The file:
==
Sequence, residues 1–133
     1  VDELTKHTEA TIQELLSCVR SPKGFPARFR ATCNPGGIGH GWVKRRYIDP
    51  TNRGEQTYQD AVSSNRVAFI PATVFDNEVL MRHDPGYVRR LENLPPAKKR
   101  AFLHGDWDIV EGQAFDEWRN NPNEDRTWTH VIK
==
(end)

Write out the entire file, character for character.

Sequence, residues 1–133
     1  VDELTKHTEA TIQELLSCVR SPKGFPARFR ATCNPGGIGH GWVKRRYIDP
    51  TNRGEQTYQD AVSSNRVAFI PATVFDNEVL MRHDPGYVRR LENLPPAKKR
   101  AFLHGDWDIV EGQAFDEWRN NPNEDRTWTH VIK